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Wednesday, 11 December 2013

Let's Increase Social Security Benefits

Two or three or four years ago or maybe more (you know how hard it is track time in old age when it starts moving so much faster) I first came across the idea that Social Security benefits should not only not be cut, they should be increased.

Even though I was aware that the traditional three-legged stool of retirement – Social Security, personal savings, employer pension - had been wobbly for a long time and only Social Security was still viable, I didn't believe the political climate was anywhere near ready for such a radical step. In fact, I believed any politician mentioning it would be laughed out of the room.

And that's pretty much what happened back then. No longer.

Earlier this year, Senator Tom Harkin [D – IA] introduced The Strengthening Social Security Act of 2013 which includes three major steps to improve the benefit:

  1. Increase current payments by about $70 a month
  2. Change the cost-of-living (COLA) adjustment to more closely track real costs of elders
  3. Scrap the salary cap

As one of the bill's supporters, Senator Sherrod Brown [D-OH], told Greg Sargent last month,

“There are two fundamental numbers that make this a moral case for Democrats to make...One is that a third of seniors rely on Social Security for virtually their entire income. The other is that more than half of seniors rely on Social Security for significantly more than half their income.”

Massachusetts Democratic Senator Elizabeth Warren also supports Harkin's bill as do Senator Mark Begich (D-Alaska) and elders' stalwart Senator Bernie Sanders (I-Vermont).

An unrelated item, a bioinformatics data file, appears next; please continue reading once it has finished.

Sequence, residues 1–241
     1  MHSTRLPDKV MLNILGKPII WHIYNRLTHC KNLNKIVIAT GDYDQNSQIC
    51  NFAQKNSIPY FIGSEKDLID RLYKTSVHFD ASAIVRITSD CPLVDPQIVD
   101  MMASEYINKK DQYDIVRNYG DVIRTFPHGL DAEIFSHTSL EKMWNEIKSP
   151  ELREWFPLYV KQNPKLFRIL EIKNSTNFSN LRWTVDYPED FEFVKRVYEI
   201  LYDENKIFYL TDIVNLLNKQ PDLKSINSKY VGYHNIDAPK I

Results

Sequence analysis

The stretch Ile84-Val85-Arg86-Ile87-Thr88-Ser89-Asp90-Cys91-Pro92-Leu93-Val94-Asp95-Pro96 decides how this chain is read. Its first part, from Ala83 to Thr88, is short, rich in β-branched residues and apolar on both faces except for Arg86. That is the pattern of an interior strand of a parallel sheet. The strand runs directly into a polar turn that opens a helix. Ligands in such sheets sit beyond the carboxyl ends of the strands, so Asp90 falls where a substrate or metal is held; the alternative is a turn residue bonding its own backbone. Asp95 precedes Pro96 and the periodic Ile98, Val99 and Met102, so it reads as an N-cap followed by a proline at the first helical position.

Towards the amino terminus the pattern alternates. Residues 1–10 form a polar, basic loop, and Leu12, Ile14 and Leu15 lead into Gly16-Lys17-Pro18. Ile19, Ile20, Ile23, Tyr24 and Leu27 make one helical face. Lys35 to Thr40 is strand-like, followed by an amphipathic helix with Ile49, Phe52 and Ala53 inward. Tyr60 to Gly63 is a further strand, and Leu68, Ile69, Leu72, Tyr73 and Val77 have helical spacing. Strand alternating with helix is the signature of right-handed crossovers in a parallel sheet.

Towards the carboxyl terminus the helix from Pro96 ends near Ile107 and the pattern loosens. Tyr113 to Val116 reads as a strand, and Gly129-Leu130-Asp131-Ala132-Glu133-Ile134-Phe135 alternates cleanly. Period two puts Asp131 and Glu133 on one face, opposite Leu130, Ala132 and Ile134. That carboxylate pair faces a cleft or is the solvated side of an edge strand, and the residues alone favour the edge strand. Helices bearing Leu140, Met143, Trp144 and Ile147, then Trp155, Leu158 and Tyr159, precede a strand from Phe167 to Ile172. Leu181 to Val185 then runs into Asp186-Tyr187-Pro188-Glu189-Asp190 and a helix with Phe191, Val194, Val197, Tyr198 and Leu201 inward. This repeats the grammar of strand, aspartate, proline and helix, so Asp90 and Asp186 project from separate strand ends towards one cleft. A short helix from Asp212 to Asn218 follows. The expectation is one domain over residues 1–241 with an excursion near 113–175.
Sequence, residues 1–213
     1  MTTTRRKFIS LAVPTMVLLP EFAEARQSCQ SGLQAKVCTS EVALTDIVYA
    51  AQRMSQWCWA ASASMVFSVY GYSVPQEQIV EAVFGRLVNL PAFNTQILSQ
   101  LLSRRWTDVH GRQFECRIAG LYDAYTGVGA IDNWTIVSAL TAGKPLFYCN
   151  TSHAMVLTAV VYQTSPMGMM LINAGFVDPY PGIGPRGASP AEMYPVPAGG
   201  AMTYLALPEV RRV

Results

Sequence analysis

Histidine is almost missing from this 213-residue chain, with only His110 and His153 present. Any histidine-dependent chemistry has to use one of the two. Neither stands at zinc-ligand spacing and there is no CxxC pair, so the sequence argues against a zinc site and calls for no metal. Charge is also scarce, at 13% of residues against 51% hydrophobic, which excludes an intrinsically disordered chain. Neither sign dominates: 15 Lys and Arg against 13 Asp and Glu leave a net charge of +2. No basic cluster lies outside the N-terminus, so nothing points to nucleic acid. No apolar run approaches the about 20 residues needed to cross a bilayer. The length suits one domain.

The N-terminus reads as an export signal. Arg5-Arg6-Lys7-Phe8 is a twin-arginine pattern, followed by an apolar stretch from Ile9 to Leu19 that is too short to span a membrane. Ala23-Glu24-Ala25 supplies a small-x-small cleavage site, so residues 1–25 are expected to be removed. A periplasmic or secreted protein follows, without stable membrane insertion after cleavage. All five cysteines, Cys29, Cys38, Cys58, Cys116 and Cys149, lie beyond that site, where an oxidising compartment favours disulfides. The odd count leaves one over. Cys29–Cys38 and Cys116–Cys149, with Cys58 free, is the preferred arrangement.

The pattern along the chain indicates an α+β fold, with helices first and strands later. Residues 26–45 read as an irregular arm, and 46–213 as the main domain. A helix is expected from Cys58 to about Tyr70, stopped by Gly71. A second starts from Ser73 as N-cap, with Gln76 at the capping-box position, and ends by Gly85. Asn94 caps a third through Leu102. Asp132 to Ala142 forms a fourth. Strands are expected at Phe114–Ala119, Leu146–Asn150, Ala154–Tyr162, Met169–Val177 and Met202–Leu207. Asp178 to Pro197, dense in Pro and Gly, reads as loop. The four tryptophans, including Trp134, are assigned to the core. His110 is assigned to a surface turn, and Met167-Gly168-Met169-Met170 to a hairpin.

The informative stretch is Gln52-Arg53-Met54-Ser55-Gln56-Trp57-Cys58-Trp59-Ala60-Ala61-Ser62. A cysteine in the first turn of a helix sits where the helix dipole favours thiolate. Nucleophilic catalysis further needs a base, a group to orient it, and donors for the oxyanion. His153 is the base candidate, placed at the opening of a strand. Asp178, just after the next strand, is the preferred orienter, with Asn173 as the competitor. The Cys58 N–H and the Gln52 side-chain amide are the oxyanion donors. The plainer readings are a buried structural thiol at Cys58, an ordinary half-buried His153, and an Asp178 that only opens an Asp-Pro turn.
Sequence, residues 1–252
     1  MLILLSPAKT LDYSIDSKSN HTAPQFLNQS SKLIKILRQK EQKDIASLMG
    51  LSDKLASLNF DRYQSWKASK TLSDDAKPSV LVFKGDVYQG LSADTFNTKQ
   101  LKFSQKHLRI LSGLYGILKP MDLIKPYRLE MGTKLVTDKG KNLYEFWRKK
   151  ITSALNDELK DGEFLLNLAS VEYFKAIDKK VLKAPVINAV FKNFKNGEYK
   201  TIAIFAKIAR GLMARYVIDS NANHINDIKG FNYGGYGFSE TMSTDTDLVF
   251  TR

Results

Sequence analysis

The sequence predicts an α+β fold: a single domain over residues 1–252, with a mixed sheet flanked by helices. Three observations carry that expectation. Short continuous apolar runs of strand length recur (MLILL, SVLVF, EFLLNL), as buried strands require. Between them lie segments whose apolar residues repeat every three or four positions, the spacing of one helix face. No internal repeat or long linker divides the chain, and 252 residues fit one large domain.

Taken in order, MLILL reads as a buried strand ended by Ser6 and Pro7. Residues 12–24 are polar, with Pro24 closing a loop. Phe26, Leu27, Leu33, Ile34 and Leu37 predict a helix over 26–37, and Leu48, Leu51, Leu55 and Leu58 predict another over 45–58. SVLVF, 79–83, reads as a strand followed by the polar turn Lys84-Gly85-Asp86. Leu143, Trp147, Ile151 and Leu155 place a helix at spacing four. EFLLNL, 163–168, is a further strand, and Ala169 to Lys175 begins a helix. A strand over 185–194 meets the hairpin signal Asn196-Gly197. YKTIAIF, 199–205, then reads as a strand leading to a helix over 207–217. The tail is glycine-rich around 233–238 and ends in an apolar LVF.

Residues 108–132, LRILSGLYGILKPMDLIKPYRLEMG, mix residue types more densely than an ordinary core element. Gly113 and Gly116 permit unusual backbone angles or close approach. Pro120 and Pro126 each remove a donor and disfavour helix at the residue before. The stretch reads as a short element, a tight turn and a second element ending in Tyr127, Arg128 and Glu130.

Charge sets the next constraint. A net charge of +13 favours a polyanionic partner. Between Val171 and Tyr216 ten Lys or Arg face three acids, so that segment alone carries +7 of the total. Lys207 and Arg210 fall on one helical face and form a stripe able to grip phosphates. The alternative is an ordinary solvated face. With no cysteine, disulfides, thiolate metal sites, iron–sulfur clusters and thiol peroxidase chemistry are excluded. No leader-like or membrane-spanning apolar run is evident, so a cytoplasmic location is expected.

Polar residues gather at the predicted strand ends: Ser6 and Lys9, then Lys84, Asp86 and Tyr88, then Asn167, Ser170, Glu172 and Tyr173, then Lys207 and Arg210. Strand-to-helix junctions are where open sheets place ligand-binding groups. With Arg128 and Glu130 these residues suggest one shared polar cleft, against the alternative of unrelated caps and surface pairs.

Just two weeks ago or so, New York Times columnist Paul Krugman jumped on the bandwagon with a stirring column in support of the movement although he is cautious about timing:

”Realistically,” he concluded, “Social Security expansion won’t happen anytime soon. But it’s an idea that deserves to be on the table — and it’s a very good sign that it finally is.”

Maybe sooner than Krugman thinks. Political activist and blogger Jan Adams alerted me to another good sign. Last week, two-term Montana lieutenant-governor John Bohlinger, Jr. announced his candidacy for the Democratic nomination in 2014 for Montana's U.S. Senate seat, to succeed the retiring Max Baucus.

Bohlinger is making Social Security expansion a big part of his campaign:

”Current Social Security benefits are puny and we can easily fix that by lifting the cap,” he says. “Let's expand Social Security benefits. It is smart economics and the morally correct action.”

He has made his first campaign video. Take a look:

Bohlinger is a lifelong politician having served three terms in the Montana House of Representatives and two in the Montana State Senate. Over the years, he has run as both a Republican and Democrat.

I don't know enough about Bohlinger or Montana politics to know if he is a viable candidate but as Jan noted in her email, he is someone for us elders to keep our eyes on and to support.

And maybe he is a harbinger of more like him to come.

At The Elder Storytelling Place today, Jackie Harrison: The Recipe

Posted by Ronni Bennett at 05:30 AM | Permalink | Email this post



Thanks again for all the research you do so that we can stay informed on Social Security and all the other important issues you discuss every day.

I'm not sure we tell you this often enough.